The idea to recycle the roll-off dumpster came out of the close relationship between the City’s Public Works Department and Downtown Tempe Authority. With leaders at both agencies interested in the pop-up patio trend gaining popularity, the Public Works Department agreed to help transform an old roll-off giving Downtown Tempe an affordable means to explore the idea. Their ‘blank canvas’ would be a repainted dumpster with a railing installed around it and the City’s permission to use public parking spaces within downtown for the mobile patio once the project was completed.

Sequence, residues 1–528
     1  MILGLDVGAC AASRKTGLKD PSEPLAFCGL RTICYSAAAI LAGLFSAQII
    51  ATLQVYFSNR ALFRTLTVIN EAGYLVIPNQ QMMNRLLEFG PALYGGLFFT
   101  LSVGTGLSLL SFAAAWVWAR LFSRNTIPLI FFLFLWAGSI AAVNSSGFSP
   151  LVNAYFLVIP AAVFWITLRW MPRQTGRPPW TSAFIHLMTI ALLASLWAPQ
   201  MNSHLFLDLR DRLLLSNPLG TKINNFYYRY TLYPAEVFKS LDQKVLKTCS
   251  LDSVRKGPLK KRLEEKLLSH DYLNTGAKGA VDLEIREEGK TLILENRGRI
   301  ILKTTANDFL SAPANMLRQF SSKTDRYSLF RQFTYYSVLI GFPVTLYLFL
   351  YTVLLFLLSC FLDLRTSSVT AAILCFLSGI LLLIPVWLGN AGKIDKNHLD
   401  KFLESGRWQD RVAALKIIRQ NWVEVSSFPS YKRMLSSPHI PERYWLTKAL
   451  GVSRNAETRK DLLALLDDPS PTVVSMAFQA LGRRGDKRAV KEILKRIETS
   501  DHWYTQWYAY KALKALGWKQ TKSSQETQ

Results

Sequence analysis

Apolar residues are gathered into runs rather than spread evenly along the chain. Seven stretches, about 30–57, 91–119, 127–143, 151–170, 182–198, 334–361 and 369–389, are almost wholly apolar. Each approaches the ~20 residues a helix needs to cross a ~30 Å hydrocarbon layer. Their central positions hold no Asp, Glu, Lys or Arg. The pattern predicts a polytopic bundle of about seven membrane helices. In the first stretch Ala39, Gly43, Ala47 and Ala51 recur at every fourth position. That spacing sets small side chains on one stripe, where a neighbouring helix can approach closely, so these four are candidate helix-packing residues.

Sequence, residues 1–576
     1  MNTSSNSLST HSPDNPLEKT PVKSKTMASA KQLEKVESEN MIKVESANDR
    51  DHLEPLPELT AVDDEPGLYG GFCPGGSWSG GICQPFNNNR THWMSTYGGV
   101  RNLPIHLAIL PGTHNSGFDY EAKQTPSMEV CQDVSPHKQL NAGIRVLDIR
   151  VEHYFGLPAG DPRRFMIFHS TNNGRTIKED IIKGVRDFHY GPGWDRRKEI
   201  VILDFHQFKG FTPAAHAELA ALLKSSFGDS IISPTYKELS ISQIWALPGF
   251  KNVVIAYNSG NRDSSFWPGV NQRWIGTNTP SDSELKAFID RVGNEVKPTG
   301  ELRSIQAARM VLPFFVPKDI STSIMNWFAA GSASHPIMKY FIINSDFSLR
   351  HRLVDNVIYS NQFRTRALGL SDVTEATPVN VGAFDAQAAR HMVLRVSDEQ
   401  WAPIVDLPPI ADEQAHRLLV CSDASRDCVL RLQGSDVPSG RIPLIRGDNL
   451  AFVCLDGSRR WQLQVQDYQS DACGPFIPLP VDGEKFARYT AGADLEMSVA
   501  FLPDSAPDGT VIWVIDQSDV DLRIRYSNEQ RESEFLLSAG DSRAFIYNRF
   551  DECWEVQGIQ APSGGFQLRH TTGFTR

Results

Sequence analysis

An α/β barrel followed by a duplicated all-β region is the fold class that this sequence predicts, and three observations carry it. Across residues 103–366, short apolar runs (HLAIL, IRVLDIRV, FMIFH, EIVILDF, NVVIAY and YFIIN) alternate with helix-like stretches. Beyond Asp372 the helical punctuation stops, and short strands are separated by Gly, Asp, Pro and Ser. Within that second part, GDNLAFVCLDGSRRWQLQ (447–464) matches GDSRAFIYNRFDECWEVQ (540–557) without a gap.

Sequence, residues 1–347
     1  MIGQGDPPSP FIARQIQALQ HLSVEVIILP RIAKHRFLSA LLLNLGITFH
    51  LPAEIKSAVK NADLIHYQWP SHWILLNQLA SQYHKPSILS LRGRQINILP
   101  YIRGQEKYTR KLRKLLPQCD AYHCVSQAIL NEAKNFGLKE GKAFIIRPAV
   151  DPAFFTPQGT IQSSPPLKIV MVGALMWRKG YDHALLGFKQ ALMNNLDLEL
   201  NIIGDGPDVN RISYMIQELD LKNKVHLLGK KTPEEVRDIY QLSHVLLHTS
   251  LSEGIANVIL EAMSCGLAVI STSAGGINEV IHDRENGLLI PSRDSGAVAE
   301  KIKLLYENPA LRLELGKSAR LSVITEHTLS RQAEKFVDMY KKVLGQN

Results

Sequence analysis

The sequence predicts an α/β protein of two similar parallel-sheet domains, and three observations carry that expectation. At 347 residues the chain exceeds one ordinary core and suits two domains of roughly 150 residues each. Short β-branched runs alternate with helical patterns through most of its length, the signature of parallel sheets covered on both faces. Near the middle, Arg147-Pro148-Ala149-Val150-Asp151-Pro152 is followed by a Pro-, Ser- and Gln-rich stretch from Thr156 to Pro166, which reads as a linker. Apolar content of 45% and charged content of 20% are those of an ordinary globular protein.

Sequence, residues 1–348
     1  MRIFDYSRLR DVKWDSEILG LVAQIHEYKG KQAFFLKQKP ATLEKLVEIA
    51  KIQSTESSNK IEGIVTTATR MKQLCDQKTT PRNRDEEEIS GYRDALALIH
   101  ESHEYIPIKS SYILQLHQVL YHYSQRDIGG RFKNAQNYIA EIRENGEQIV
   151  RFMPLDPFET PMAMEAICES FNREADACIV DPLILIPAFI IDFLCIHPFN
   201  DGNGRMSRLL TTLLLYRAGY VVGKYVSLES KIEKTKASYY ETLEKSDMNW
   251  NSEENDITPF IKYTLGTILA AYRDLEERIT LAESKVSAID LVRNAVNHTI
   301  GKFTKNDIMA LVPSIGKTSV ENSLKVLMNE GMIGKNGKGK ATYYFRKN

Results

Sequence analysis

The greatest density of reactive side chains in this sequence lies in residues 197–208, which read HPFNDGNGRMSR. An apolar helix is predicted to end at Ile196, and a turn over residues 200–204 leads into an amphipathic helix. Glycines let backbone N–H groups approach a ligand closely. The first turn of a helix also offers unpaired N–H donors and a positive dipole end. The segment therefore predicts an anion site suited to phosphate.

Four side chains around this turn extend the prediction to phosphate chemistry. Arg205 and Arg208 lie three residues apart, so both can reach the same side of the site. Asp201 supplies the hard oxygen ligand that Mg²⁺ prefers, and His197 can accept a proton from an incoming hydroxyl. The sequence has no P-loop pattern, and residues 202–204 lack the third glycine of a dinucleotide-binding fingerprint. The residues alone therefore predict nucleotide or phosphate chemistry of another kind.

This, would be the easy part for Kent who led the project; getting the City’s departments behind it. The hard part would be transforming the roll-off dumpster into the kind of space that created an emotional connection for visitors and residents to downtown. To do this, Downtown Tempe would need artists who could not only visualize their goal, but also had the technical skills to pull off the project. The non-profit, placed an artist call, inviting individuals and teams of artists to apply. They received 10 applications before narrowing it down to three of the best concepts. The three finalists were each given a stipend to develop a more detailed concept and 3-D models of their proposals. Two of the three finalists, would be from the same Architectural Sculpture class at ASU.